Where the Rēkohu Bone Sings
In her prizewinning debut novel Where the Rēkohu Bone Sings Tina Makereti confronts the complexities of cultural heritage, the past and the present, and Moriori, Maori and Pakeha identity. The novel is a compelling, powerful and haunting work.
In 2014, Makereti came to Going West to discuss her book live on stage with colleague, scholar and poet Selina Tusitala Marsh – who began the session with a poem penned for Tina and her extraordinary novel.
The session was an insightful, thoughtful and inspiring one, delving into the process behind the writing.
Tina Makereti writes essays, novels and short fiction. Her most recent novel is The Imaginary Lives of James Pōneke (longlisted for the Ockham NZ Book Awards Fiction Award, 2019) and optioned by Taika Waititi’s Piki Films for development.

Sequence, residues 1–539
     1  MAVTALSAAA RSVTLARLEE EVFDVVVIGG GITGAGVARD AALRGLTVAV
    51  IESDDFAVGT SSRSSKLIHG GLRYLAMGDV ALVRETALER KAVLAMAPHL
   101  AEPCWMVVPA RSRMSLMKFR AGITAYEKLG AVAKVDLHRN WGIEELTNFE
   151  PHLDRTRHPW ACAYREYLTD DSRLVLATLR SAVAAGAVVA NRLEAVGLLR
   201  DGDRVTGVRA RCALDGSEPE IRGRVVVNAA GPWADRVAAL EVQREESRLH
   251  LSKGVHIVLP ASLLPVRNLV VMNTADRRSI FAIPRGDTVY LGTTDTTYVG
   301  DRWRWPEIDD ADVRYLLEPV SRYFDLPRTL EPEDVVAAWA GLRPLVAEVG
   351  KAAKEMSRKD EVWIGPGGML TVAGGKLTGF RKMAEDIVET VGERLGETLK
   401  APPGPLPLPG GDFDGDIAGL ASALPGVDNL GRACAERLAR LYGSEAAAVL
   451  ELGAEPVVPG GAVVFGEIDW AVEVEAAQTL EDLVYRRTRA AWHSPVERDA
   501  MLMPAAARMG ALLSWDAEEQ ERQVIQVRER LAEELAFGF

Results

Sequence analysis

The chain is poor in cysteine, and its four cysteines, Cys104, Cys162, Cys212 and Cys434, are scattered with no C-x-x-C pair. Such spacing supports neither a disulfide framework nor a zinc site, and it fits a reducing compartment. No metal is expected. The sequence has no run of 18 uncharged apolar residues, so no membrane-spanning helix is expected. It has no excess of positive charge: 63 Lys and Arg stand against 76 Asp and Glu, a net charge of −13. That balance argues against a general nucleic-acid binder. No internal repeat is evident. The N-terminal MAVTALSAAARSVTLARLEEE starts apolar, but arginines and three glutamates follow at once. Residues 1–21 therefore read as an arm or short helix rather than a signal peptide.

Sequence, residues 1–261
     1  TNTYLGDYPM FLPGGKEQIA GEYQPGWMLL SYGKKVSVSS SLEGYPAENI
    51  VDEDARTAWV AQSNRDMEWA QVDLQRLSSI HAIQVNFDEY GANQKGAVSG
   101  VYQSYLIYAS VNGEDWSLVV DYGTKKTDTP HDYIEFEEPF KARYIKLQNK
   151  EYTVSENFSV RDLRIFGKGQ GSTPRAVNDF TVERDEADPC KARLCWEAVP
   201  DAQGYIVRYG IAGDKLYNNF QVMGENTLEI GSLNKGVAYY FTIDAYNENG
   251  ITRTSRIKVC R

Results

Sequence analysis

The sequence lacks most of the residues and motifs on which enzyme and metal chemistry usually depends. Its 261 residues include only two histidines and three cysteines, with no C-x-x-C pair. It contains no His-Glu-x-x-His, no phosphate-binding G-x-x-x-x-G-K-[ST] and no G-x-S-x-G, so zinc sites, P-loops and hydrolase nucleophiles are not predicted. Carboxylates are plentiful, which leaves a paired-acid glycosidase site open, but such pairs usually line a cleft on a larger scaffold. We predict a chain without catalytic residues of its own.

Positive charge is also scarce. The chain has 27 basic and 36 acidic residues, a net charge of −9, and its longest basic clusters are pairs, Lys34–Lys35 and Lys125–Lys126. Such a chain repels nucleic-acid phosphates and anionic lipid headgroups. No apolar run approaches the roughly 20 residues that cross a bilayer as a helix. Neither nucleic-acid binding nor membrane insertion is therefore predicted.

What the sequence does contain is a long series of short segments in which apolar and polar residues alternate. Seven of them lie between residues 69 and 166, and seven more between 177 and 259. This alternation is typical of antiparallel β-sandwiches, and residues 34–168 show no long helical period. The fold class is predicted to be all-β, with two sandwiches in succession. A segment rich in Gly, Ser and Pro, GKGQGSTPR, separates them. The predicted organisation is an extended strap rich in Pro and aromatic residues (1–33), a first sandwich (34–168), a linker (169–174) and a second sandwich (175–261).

Alongside Witi Ihimaera, she is co-editor of Black Marks on the White Page, an anthology celebrating Māori and Pasifika writing. In 2016, her story, Black Milk, won the Commonwealth Writers Short Story Prize, Pacific region. Where the Rēkohu Bone Sings was her first novel and it, won the 2014 Ngā Kupu Ora Aotearoa Māori Book Award for Fiction, also won by Once Upon a Time in Aotearoa.
In 2009, Makereti received the RSNZ Manhire Prize for Creative Science Writing and the Pikihuia Award for Best Short Story in English. She teaches creative writing and Oceanic literatures at Massey University
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Image: Tina Makareti Speaks at Going West Festival. Photograph by Gil Hanly.